In spite of the frequent problems with early flight in Alaska, Merrill felt that the economics were encouraging. In 1928, he explored the possibility of buying out Arthur A. Shonbeck’s share of Anchorage Air Transport.32 He hoped to arrange financing through his brother, Jerry, an Oregon banker and lawyer. On February 27, 1929, he wrote to Jerry: "Better sell out and come up here. I could get enough backing to buy a ship and we could start our own operating company. We probably wouldn’t make a fortune but nobody ever heard of anyone starving to death in Alaska! Our company cleared over $4,000 last year after all expenses including heavy depreciation, $2,000 for bringing me and my ship back from Barrow, and a bill of $1,800 for repair of some of our motors."33
Merrill’s Last Flight, September 16-17, 1929
On August 20, 1929, Arthur A. Shonbeck and the officers of Anchorage Air Transport sold their business to Alaskan Airways, Incorporated (later, Alaska Airlines). Merrill continued as pilot with the new company, flying out of Anchorage. Alaskan Airways had officially taken over operations of most of the independently operated enterprises, including Anchorage Air Transport, Wien Alaska Airways, and Bennett-Rodebaugh Company. The resulting transfer meant that it had obtained control of all aerial companies operating in Alaska north of Juneau.34
On September 16, 1929, Merrill had already flown two previous round trips, from Anchorage to Tustumena Lake and Rainy Pass. Already having worked a full day, he took off at 4:00 p.m. for a third flight to Akiak, near Bethel, taking a piece of needed machinery for the New York-Alaska Company’s mine at Nyac, on Bear Creek, a tributary of the Kuskokwim River. He also had about fifty pounds of first-class mail to deliver to various points along the route. Late in the evening a heavy storm struck Cook Inlet, and continued for several hours. It is unknown what happened, but Merrill never reached his destination. Search parties scoured the areas where Merrill might have been. A report of an object seen on Cook Inlet near Tyonek that might have been wreckage on the morning of September 17 was discounted.
The air and ground search continued into mid-October 1929. Such famed northern aviators as Colonel Carl Ben Eielson, Joe Crosson, H.A. Barnhill, and Frank Dorbrandt logged more than ten thousand miles in two weeks without finding a trace of Merrill or his airplane. On October 20, the owner of a fish trap site at Tyonek arrived in Anchorage with a piece of badly torn fabric, about twelve by forty inches in size that he had found on the beach on October 3. Alonzo Cope, the mechanic for Merrill’s plane, recognized it as part of a patch on the Merrill’s plane’s fabric covering that he himself had installed.35 The speculation was that, for whatever reason, the airplane had been forced down in Cook Inlet, and it was further damaged in the storm that came up during the night of September 16-17, with Merrill dying as a result. Merrill’s body was never found.36 One of the searchers, Ben Eielson, disappeared himself on a flight toward Siberia shortly thereafter, on November 9, 1929.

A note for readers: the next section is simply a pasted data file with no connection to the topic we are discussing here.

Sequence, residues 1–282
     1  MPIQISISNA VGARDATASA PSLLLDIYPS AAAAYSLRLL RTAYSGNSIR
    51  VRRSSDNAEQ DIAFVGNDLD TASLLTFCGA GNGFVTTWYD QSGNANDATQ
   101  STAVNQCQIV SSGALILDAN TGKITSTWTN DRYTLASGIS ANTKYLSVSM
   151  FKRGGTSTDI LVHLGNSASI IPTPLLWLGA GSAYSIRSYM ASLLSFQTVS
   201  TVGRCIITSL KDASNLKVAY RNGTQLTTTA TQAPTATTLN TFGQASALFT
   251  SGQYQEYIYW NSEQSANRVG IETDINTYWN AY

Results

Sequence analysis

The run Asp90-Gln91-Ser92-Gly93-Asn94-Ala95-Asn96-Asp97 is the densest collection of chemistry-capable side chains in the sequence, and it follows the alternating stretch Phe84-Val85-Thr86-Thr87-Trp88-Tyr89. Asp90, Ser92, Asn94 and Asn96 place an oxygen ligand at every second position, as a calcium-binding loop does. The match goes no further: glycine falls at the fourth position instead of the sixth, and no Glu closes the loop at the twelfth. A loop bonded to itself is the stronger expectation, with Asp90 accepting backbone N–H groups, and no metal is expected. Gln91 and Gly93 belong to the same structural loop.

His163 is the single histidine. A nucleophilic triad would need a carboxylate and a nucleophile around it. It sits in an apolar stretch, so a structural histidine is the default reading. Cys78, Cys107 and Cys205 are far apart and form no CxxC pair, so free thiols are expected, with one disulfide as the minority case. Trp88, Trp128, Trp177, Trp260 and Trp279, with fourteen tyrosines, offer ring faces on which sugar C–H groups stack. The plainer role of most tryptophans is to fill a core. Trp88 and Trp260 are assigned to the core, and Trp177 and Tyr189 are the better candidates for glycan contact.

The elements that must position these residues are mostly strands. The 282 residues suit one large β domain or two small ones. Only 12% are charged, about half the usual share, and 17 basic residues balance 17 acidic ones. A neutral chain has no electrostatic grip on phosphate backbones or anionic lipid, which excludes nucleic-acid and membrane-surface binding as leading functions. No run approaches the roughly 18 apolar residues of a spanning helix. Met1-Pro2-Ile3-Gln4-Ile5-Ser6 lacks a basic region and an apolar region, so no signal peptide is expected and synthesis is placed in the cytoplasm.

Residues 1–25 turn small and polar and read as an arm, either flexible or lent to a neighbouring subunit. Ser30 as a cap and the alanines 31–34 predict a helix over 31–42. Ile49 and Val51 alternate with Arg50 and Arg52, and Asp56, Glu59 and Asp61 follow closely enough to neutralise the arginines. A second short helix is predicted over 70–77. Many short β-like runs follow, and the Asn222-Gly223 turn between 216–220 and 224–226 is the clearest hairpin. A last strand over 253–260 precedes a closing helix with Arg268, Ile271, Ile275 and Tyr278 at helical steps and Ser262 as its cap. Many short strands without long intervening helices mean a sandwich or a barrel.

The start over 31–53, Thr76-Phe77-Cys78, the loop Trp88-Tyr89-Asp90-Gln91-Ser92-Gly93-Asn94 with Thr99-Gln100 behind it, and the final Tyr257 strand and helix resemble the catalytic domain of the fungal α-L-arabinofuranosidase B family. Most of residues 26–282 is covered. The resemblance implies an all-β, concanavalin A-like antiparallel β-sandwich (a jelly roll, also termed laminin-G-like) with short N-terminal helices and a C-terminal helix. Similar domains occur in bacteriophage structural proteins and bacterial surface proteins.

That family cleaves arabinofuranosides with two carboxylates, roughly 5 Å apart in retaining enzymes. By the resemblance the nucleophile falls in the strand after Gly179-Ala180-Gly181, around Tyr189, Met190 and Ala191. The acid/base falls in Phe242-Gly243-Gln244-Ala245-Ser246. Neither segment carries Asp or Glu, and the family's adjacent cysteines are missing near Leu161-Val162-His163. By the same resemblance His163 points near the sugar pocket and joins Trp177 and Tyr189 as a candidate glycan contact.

In 1930, the Anchorage Woman’s Club raised funds for a permanent memorial to Russel Merrill in the form of a light beacon mounted on a steel tower at the Municipal Airport to serve as an aid in landing at the new airfield. In the summer of 1930, at the suggestion of the Anchorage Woman’s Club and the Anchorage Municipal Airport was renamed Merrill Field Airport in honor of Russel Merrill.37 On September 25, 1932, the new high intensity revolving beacon, resting atop a forty-six foot steel tower, was formally dedicated at Merrill Field. It was the first aircraft beacon in the Territory of Alaska. A bronze plaque, showing Merrill in the cockpit of Anchorage No. 1, was mounted on the face of the concrete base. The bronze table is inscribed: "To that dauntless pioneer of the air Russel Hyde Merrill whose life’s aim was the development of aviation in Alaska, September 16, 1929."
The plaque is now mounted on the control tower at the field.38 In 1929, both a river39 and a pass40 through the mountains west of Cook Inlet were named for Merrill by the U.S. Geological Survey.